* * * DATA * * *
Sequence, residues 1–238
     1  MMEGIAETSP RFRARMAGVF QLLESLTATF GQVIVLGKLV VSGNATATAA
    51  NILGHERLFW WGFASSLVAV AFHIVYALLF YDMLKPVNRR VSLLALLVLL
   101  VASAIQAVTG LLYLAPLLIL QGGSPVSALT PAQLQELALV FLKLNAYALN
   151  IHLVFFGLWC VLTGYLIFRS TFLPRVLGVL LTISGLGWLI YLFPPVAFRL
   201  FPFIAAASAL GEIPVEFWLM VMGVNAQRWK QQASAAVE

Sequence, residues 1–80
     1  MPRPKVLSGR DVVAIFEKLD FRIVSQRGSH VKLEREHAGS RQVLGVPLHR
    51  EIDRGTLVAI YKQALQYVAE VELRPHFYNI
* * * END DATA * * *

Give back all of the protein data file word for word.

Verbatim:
Sequence, residues 1–238
     1  MMEGIAETSP RFRARMAGVF QLLESLTATF GQVIVLGKLV VSGNATATAA
    51  NILGHERLFW WGFASSLVAV AFHIVYALLF YDMLKPVNRR VSLLALLVLL
   101  VASAIQAVTG LLYLAPLLIL QGGSPVSALT PAQLQELALV FLKLNAYALN
   151  IHLVFFGLWC VLTGYLIFRS TFLPRVLGVL LTISGLGWLI YLFPPVAFRL
   201  FPFIAAASAL GEIPVEFWLM VMGVNAQRWK QQASAAVE

Sequence, residues 1–80
     1  MPRPKVLSGR DVVAIFEKLD FRIVSQRGSH VKLEREHAGS RQVLGVPLHR
    51  EIDRGTLVAI YKQALQYVAE VELRPHFYNI